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Poster advertising Coronation Festivities 1911

Poster advertising the Coronation Day Festivities 1911

© Richard J. Brine


When Edward VII died on 6 May 1910, the nation was shocked - as Prince of Wales he had waited so long to become King and his reign had been so brief - he had come to the throne at the age of 59 in 1901. But people who had been close to the royal family knew that his lifestyle had brought about his death - he is said to have been a heavy smoker, getting though 20 cigarettes a day and 12 enormous cigars and enjoyed five meals a day and a figure that showed it. He drank heavily, loved staying up at parties and had numerous affairs .


His second son, formerly the Duke of York succeeded him and couldn't have been more different. He was a quiet-living, home-loving man who became the heir to the throne after the death of his elder brother, known in the family as "Eddy" and who had married a princess destined to become that brother's wife. The  marriage of the Duke of York and Princess May (or Queen Mary as she became known) was a happy one and , the couple brought some much needed respectability to the throne. Although Edward VII had been a popular monarch, the new king - King George V - together with Queen Mary and their version of  happy family life gave the people of this country a life-style with which they could  they could identify.


Coronation Day was to be Thursday 22nd June 1911 and the government let it be known that they expected special festivities to take place throughout the land to mark the occasion, so in virtually every town and village meetings were organised and plans were drawn up..


However, with less than  than 300 inhabitants, Countisbury was not expected to go it alone - everyone assumed that such small, spread-out populations would join up with their nearest large neighbour.  Clearly, Lynton thought this would happen  but the first meeting of the organising committee  held there began with a bombshell -  the vicar of Lynton held up a postcard he had received from a Miss Halliday and a Miss Cosway saying it would be impossible for Countisbury to join with Lynton - no reason given, just an abrupt message. But everyone in that room knew that Miss Halliday was the Lady of the Manor, that she owned an estate called Glenthorne and every last acre of the little parish of Countisbury and that Miss Cosway was her sister.


Before getting down to the details of what Lynton would do on Coronation Day, a resolution was passed that someone would try to talk them round and maybe even collect a subscription from them but everyone in that room would have known also that the prospect of changing their minds would have been hopeless.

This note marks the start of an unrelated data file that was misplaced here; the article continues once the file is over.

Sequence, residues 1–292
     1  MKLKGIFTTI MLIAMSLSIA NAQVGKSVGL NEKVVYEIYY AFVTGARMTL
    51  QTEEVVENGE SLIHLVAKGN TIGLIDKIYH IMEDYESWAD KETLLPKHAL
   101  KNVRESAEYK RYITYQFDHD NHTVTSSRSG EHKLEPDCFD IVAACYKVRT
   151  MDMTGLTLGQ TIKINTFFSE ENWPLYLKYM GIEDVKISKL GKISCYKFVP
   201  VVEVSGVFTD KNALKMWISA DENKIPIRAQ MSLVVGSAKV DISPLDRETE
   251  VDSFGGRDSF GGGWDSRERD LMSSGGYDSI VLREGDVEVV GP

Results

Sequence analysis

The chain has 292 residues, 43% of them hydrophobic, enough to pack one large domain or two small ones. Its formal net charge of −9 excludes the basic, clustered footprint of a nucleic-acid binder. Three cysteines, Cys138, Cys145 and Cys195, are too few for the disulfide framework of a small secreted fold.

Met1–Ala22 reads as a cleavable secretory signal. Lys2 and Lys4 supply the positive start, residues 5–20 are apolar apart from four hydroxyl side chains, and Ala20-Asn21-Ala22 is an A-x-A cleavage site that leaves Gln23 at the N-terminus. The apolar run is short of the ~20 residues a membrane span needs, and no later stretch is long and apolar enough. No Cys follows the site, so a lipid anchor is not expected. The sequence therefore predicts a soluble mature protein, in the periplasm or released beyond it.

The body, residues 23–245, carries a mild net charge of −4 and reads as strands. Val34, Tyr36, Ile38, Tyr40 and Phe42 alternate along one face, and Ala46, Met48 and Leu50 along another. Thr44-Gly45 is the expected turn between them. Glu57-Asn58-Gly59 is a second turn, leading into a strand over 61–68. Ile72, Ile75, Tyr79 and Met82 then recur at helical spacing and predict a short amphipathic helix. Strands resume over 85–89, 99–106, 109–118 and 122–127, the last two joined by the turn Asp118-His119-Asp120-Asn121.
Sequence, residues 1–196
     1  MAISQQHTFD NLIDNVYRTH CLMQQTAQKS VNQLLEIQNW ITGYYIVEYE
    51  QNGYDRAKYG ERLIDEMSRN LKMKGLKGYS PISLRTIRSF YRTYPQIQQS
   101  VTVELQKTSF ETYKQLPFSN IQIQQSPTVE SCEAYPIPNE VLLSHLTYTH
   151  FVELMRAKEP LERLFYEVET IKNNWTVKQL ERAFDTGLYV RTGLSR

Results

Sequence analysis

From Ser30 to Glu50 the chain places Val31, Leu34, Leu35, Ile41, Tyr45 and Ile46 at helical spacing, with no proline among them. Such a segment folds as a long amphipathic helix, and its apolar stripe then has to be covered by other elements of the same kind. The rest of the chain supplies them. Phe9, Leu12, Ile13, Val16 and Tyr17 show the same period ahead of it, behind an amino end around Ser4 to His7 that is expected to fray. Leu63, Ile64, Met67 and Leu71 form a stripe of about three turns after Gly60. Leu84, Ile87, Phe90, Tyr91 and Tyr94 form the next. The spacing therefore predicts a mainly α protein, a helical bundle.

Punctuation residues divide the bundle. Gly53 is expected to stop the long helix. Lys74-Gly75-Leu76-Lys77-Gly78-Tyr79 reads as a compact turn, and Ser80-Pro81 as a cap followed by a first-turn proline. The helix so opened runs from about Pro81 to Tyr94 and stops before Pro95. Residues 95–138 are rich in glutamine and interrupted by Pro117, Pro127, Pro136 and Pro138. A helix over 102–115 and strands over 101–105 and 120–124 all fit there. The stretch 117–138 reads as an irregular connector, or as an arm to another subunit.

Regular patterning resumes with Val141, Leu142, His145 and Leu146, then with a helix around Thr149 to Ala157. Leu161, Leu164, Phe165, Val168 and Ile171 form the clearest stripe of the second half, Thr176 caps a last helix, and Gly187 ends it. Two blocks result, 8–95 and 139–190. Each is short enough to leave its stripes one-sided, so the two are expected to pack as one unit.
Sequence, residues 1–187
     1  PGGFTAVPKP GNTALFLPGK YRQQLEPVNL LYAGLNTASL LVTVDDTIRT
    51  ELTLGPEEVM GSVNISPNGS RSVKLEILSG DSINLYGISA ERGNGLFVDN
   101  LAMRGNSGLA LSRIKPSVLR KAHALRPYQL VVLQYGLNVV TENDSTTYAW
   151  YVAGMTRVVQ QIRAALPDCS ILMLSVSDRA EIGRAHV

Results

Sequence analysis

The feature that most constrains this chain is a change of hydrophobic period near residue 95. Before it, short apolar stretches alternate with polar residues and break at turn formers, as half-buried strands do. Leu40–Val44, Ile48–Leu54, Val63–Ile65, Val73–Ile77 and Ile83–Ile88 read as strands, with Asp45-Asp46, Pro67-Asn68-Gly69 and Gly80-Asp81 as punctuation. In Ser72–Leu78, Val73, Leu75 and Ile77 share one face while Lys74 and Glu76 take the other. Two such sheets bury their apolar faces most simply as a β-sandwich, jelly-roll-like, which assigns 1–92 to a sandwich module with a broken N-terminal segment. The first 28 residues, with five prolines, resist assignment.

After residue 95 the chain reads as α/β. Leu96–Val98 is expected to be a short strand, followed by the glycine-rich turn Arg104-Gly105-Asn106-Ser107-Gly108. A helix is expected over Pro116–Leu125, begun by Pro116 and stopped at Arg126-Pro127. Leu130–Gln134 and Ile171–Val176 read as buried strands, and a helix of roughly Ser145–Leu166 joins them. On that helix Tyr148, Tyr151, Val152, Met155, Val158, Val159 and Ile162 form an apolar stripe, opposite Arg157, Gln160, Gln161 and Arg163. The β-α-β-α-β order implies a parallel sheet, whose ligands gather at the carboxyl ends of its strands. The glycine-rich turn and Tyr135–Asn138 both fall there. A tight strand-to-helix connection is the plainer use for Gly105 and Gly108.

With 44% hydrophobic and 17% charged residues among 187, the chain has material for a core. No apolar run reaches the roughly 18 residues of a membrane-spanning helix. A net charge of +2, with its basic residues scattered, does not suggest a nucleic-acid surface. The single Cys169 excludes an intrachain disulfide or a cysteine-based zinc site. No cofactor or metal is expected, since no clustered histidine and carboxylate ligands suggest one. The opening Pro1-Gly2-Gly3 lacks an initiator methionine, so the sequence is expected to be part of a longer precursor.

So Lynton went ahead with planning a day filled with its own ideas of what kind of show they were going to put on. They proposed a procession followed by a church service, a cold dinner to be available to all,  the royal standard to be flown over the town hall on the day, a competitive sporting competition with cash prizes and at night a bonfire on three of the neighbouring hills (including Countisbury Hill) . And the children were to be presented with Coronation Mugs of good quality.


A brief glance at this poster advertising Countisbury's activities reveals that the inhabitants missed out on nothing - the Church Service, the free dinner, the sports session (for cash prizes) and the bonfire are all there, presumably provided through the generosity of Miss Cosway  and Miss Halliday who were much loved by their tenants and who they treated well. And all without the fatigue of having to go down and then up, two of the steepest hills in Devon,to share in Lynton's celebrations.


A good time was no doubt had by all !


Glenthorne, Countisbury c. 1850

Glenthorne c. 1850

3½ miles from the nearest road, Bath stone and everything else used to build this house was brought in by sea. There was a small beach here with a landing stage and the Hallidays brought their coal over from Wales .

Courtesy of Devon County Council


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